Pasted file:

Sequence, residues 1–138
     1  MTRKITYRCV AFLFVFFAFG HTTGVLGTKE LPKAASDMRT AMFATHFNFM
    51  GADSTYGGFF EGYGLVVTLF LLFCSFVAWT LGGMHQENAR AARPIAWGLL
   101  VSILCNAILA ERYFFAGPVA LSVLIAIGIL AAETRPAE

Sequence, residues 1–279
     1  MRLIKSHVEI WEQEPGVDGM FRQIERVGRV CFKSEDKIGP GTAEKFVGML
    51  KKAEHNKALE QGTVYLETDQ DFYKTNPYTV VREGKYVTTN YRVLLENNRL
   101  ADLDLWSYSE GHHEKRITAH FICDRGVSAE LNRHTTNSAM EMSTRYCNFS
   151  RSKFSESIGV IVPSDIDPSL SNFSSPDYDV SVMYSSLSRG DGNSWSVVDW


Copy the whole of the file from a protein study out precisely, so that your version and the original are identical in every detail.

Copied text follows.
Sequence, residues 1–138
     1  MTRKITYRCV AFLFVFFAFG HTTGVLGTKE LPKAASDMRT AMFATHFNFM
    51  GADSTYGGFF EGYGLVVTLF LLFCSFVAWT LGGMHQENAR AARPIAWGLL
   101  VSILCNAILA ERYFFAGPVA LSVLIAIGIL AAETRPAE

Sequence, residues 1–279
     1  MRLIKSHVEI WEQEPGVDGM FRQIERVGRV CFKSEDKIGP GTAEKFVGML
    51  KKAEHNKALE QGTVYLETDQ DFYKTNPYTV VREGKYVTTN YRVLLENNRL
   101  ADLDLWSYSE GHHEKRITAH FICDRGVSAE LNRHTTNSAM EMSTRYCNFS
   151  RSKFSESIGV IVPSDIDPSL SNFSSPDYDV SVMYSSLSRG DGNSWSVVDW